No matter how much my relationship to my body changes, people will likely, very likely have something to say about it.
This weekend, I celebrated Diwali with my family and it was quite honestly the most comment/feedback/insight/jokes/you fill in the blank I had received about my body in a long time now, well to that degree anyway. A few sentences would pass in conversation and then it would come right back to exactly this: Arti’s size and weight.
These comments don’t floor me in the way they once used to but that doesn’t mean they don’t have a sting at times.
And this time I felt the sting.
But now, it doesn’t just sting for me. It hurts for all of us who receive this kind of unsolicited judgement and abuse.
I had the absolute pleasure of meeting and listening to Harnaam Kaur, a huge figure in the body positivity movement, share her personal story and journey last week. She shared that even at this point in her life, with all of the freedom and love she has created with her body, not a day goes by without someone making comment about her appearance. She can’t remember a day now when she didn’t receive some form of judgement or abuse.
Yesterday, I ran the second live experience for my current ‘I Love My Body!’ coaching programme, my client shared her anxiety of seeing her body in the space we were in and her difficulty in using her body to expand and command presence because of the onslaught of conditioning that she has received to stay small because that’s what we small people should do. And the effects on her life, as a result, are visible.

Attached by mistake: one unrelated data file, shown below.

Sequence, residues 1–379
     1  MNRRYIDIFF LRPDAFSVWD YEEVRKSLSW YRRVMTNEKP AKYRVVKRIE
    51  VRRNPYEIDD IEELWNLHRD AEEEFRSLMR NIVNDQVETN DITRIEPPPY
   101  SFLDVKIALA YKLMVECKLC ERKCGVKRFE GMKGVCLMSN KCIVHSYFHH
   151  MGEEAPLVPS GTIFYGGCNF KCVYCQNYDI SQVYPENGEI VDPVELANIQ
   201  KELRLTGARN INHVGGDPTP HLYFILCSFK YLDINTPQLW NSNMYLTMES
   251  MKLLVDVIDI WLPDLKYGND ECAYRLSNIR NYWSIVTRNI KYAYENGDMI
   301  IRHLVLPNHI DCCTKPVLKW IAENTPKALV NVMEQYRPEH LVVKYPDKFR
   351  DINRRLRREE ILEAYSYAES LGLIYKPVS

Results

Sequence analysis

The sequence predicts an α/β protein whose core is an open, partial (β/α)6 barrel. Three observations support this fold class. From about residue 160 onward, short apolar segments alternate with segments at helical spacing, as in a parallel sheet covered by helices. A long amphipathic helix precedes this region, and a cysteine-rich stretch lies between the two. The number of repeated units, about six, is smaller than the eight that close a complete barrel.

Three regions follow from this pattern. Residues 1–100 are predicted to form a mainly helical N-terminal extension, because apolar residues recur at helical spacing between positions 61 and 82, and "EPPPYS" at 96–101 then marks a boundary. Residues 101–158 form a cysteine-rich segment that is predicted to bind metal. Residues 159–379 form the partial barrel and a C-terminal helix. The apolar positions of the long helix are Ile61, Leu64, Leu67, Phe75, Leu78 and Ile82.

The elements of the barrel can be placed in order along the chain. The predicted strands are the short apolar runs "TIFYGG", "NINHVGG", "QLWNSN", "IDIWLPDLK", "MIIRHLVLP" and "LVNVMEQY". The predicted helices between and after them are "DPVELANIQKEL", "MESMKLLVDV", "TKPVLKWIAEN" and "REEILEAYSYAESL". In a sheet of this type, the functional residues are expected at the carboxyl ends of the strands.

It hurt me that just because me, Harnaam, my client and countless others have been born into these bodies that have taken shape as they have and developed in these ways, people have taken it upon themselves and somehow found it right to pass judgement and abuse as and when they see fit with no consideration for the person on the receiving end.
We’re more than just bodies, we are people, we have hearts, we have feelings, we have every right to be here in this form as you do in yours.
Treat our bodies with respect, in the way we treat yours.
Think…then don’t speak but feel.
Feel how it would be on the receiving end of your judgements and abuse because that is exactly what they are.
I don’t care that you think I’m too skinny. I’m beautiful and my body is frickin’ awesome and I’m so grateful for her.
Harnaam doesn’t care that you think she’s too hairy. She’s beautiful, an absolute bad-ass, as is Sundari (her beard).
My client is learning to not care that you think she’s too small. I have seen such might, courage and power in this woman, it is an absolute honour and privilege to witness that come to light!
But we are human, with feelings, so care about us and the forms we’ve chosen to take.
Happy World Kindness Day.